Tags: heiko maas | iran | sanctions

Don't Underestimate the Arrogance of Iranian Leadership

Don't Underestimate the Arrogance of Iranian Leadership
Iran's Foreign Minister Mohammad Javad Zarif (R) and his German counterpart Heiko Maas give a joint press conference in the capital Tehran on June 10, 2019. (Atta Kenare/AFP/Getty Images)

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Thursday, 13 June 2019 12:51 PM Current | Bio | Archive

For months German Foreign Minister Heiko Maas has been leading a movement to "end around" U.S. sanctions against Iran.

The logic behind Maas' thinking is that Iran needs to be strong enough to make good decisions and Iran cannot make important decisions if they are starving. It's like a parent asking their child to have a good breakfast before an important exam so that they can think clearly. But Germany is not Iran's parent and Iran, however willful and self-absorbed, is certainly not a child. So now Germany is leading the pack of those nations still part of the infamous Nuke Deal.

Germany, together with France and Great Britain, is striving to save the Deal. The principle of the agreement Maas has cobbled together was announced in Tehran during a visit by the German foreign minister to Iran.

The system is called Instex. It is a barter-based exchange with Iran that was specifically designed as a way to circumvent the far reaching sanctions the United States has imposed on Iran. Those sanctions, which were created to squeeze Iran into submission, are so all-encompassing that they cascade and send ripples through any company, bank, business that does business with Iran.

The motivation behind joining the move for Instex is the fear felt by the Deal's European partners that an out of control Iran is an extremely dangerous Iran.

Maas designed a system in which his government and/or any of the other governments signing onto his plan along with the EU will cover the losses sustained by a company should the United States sanction them for business they are engaging in with Iran. The special twist in this arrangement is the barter system initiated by Maas which stipulates that no actual money is exchanged.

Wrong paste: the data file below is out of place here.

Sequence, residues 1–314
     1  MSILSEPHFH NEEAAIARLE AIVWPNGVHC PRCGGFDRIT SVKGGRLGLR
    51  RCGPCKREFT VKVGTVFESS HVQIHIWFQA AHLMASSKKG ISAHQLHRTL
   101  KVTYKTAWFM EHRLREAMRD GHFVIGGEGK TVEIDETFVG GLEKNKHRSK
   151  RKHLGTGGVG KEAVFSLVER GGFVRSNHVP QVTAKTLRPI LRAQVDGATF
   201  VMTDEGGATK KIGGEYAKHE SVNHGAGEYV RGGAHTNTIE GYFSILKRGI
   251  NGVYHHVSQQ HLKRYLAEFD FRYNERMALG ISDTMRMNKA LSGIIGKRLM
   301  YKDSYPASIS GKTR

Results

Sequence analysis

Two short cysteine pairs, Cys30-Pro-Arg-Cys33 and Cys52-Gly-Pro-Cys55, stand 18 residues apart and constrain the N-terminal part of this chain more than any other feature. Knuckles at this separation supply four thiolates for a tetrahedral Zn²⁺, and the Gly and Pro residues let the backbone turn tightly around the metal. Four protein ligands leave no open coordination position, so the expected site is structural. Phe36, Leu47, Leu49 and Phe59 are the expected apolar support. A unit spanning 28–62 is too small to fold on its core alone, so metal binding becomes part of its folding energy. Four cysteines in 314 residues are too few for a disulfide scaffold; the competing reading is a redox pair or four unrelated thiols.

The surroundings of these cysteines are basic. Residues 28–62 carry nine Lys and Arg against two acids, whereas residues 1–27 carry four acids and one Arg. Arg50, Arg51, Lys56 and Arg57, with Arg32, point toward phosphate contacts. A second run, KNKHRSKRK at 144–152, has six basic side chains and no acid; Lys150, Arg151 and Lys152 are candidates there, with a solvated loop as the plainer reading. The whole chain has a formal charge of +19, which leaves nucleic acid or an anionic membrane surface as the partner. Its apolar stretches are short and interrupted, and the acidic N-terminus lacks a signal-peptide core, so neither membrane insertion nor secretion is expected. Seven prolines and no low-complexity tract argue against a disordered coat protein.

The sanctions, as set down by the United States, do not permit bartering. However, the United Nations imposed sanctions against Iran do not prohibit bartering. When push comes to shove, the Europeans are convinced that they will win when the case comes before the World Court.

One would think that Iran would be receptive to the gesture Germany and the others are making. It is, after all, an attempt to help Iranians. But that would be, once again, to underestimate the arrogance of Iranian leadership. Rather than saying thank you and may you be blessed for this kind gesture on our behalf, German Foreign Minister Maas is being portrayed as a Zionist-Nazi in official, state-controlled, Iranian media.

Iranian leadership is incapable of breaking out of their machismo image and incapable of realistically perceiving the situation. The blinders they wear render them unable to adequately assess the various variables and players in almost every situation. Everyone is an enemy. Iran stands alone.

The official Iranian response to Instex as articulated by Iranian Foreign Ministry Spokesman Abbas Mousavi was: “So far, we have not seen practical and tangible steps from the Europeans to guarantee Iran’s interests ... Teheran will not discuss any issue beyond the nuclear deal ...The EU is not in a position to question Iran’s issues beyond the nuclear deal.”

Germany and partners are trying to help. They are setting up a good cop versus bad cop scenario, and the bad cop, of course, is the United States. And like self-absorbed and defensive children, the Iranians cannot understand that they are turning away a generous, perhaps lifesaving, offer of help.

Obviously, the White House rejected the European gesture. Ironically, we finally have an issue on which both the United States and Iran agree.

Micah Halpern is a political and foreign affairs commentator. He founded "The Micah Report" and hosts "Thinking Out Loud with Micah Halpern" a weekly TV program and "My Chopp" a daily radio spot. A dynamic speaker, he specializes in analyzing world events and evaluating their relevance and impact. Follow him on Twitter @MicahHalpern. To read more of this reports — Click Here Now.

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For months German Foreign Minister Heiko Maas has been leading a movement to "end around" U.S. sanctions against Iran.
heiko maas, iran, sanctions
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2019-51-13
Thursday, 13 June 2019 12:51 PM
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